If there’s a single most maddening and telling hallmark of the hard-right leadership that’s dominated the N.C. legislature over the past eight years, it has to be its failure to live up to its members’ past promises to champion open and transparent government.
It’s difficult to remember now, but when Republicans took the reins of power back in 2011, they rode in on a platform that promised a new era of openness in government. Whether they were highlighting the corruption of former House Speaker Jim Black, the top-heavy control of the Senate by longtime Democratic leader Marc Basnight, or the numerous ethical foibles that plagued the administration of former Gov. Mike Easley, Republican leaders promised a new, cleaner and more transparent government.
Never mind that the man who followed Black, Democratic Speaker Joe Hackney, had already declared war on corruption and implemented far-reaching reforms or that Basnight was retiring or that Easley was already out of office. According to GOP lawmakers at that time, Raleigh was awash in dirty backroom politics that they would cheerfully and energetically disinfect. Senate Republican leader Phil Berger had even gone so far as to repeatedly sponsor a bill that would have ended partisan gerrymandering by instituting a nonpartisan redistricting commission.
As has been documented in the years since, however, most of those promises of reform have been ignored or affirmatively broken. Rather than disinfecting the legislative branch, conservative leaders have doubled down on secrecy, obfuscation, abuse of process, and limitations on debate.
From hastily-called late night “special” sessions, to the disastrous backroom deal that produced HB 2, to last year’s remarkable decision to pass a state budget without allowing an opportunity for the proposal and consideration of amendments, the pattern continues.
Oh, and partisan gerrymandering? Not much progress there yet, either.
And for those who thought last November’s election shift might inspire the turning over of a new leaf, two recent developments have quickly burst that bubble.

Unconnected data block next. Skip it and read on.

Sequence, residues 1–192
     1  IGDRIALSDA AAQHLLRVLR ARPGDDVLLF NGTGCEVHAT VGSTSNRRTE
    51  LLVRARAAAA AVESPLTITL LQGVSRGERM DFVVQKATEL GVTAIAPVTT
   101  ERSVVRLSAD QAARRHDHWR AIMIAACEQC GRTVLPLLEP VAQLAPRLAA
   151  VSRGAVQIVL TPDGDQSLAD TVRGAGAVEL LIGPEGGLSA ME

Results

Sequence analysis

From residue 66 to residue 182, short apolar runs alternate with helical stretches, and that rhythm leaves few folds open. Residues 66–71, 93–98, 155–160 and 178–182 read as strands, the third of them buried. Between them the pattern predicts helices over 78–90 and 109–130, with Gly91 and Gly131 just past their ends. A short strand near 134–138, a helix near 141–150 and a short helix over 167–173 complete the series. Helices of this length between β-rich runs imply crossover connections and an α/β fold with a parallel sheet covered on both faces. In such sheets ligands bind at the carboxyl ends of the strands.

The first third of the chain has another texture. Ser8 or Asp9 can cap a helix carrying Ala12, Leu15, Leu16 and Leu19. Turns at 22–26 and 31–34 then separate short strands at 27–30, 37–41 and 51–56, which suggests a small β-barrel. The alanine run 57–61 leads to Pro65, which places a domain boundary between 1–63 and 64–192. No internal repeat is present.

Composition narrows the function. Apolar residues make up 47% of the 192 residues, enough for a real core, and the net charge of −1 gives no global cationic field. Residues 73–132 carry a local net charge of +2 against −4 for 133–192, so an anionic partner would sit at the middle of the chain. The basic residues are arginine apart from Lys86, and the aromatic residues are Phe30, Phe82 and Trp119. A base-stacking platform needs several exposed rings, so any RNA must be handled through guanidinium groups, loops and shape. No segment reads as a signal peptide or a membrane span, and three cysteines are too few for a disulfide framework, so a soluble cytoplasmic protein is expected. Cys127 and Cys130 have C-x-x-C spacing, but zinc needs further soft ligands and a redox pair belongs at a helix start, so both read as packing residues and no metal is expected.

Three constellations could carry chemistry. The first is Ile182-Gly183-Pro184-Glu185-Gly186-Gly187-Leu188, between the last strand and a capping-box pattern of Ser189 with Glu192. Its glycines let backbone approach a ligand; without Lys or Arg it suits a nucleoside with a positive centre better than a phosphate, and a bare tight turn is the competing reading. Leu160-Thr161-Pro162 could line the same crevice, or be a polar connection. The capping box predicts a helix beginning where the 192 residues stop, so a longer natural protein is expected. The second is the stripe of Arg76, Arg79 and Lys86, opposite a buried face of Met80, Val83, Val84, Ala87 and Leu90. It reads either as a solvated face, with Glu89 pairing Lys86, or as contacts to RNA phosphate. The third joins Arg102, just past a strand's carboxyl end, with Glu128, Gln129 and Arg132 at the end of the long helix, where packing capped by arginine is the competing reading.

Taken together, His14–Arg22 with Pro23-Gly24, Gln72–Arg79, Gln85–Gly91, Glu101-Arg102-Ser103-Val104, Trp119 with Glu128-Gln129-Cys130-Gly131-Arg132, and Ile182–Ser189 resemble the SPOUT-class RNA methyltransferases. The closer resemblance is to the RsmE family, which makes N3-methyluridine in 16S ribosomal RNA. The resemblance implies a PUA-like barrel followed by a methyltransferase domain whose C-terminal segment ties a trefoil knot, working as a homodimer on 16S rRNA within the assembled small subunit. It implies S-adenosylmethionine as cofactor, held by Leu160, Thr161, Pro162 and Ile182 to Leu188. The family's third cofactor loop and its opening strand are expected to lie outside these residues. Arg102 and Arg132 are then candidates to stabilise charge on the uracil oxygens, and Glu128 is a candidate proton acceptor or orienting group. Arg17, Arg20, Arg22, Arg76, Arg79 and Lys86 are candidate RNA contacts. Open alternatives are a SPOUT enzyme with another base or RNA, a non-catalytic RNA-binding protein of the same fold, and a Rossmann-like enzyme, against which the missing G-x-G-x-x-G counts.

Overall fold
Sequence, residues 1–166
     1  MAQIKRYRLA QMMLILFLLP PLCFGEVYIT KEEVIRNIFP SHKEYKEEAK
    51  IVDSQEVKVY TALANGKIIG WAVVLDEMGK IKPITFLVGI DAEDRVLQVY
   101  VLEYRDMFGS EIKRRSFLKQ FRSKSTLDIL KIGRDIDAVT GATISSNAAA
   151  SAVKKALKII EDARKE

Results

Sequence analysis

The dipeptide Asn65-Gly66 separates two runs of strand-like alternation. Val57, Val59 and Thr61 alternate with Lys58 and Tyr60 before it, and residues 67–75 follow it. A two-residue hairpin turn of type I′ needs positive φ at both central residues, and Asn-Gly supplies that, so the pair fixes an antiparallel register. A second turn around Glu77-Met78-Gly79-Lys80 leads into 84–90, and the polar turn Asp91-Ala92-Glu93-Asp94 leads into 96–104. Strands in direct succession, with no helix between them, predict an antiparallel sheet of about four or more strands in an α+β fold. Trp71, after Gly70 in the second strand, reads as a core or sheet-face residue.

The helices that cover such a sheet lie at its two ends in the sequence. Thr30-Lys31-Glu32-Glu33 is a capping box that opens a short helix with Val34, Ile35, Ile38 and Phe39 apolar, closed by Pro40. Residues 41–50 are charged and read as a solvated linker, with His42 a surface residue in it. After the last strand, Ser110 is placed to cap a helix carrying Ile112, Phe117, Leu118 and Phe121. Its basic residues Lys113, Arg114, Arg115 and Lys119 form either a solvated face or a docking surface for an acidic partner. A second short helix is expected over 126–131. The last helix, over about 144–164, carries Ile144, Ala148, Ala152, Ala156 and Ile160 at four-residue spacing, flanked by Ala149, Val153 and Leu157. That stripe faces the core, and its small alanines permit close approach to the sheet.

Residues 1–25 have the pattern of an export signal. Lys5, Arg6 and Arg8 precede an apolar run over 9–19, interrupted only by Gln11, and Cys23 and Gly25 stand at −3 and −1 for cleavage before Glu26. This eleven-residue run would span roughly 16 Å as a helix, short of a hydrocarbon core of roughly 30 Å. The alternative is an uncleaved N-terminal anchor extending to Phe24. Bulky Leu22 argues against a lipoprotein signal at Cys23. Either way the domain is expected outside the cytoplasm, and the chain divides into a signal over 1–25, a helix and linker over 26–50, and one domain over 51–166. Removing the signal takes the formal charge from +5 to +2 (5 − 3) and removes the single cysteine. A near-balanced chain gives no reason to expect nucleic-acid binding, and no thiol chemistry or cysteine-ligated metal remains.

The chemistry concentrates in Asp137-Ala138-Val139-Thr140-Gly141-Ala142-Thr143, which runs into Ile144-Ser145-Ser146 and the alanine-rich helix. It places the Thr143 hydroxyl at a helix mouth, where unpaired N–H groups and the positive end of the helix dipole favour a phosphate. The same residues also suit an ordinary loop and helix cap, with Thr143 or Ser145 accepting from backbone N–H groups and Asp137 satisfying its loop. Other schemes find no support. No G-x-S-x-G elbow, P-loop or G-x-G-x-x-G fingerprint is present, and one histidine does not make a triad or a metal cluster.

The first involves a new and almost unreported law.
It’s already been well-documented how GOP leaders inserted language into a mostly non-controversial bill last month that will make election law investigations secret and then made it law over Gov. Cooper’s veto. But it now turns out that there was another pro-secrecy provision inserted late in the process into the same bill that has received virtually zero news coverage.
That provision (buried in obscure language on page 7) repeals a 12-year-old law passed in the aftermath of the Jim Black scandal that had required public reporting by nonprofits which spend at least $3,000 in any 90-day period on the “solicitation of others” to engage in grassroots advocacy. Like required reporting by lobbyists and the people that hire them, the solicitation reporting requirement provided an important window on the groups and individuals who are trying to influence public policy in our state.
Unfortunately, not only is the law now history, we don’t even know who made the repeal happen or why. Good government advocates have been unable to even determine who inserted the provision.
Not surprisingly, no one has come forward to claim “credit,” though it’s hard to imagine that the powerful sponsor of the bill, Rep. David Lewis, the longtime chair of both the House Rules and Elections committees, didn’t play a role.
The second recent assault on open government on Jones Street involves the move by legislative leaders and the man they employ to run the Legislative Building, former ultra-conservative politician, Paul Coble, to evict the Capital Press Corps from the centrally-located space its members have occupied for decades. As McClatchy journalist Colin Campbell observed in a recent column, Coble’s move to uproot and relocate reporters to a smaller, out-of-the-way basement room sends an obvious message in this era of anti-media rhetoric.
And that message sure isn’t “Good luck and best wishes on keeping close tabs on what goes on in ‘the People’s House.’” As Campbell noted, the message to the public is more like: “We’re Important Politicians, and this is our house. You can come visit, but only if you keep quiet and stay out of our way.”
The bottom line: It’s quite possible to imagine a scenario in which North Carolina’s elected leaders disagree vehemently on many critical issues of state policy, but find common ground on the vital importance of supporting open and honest debate to settle their differences. Many liberal and conservative advocates and commentators actually agree on this premise.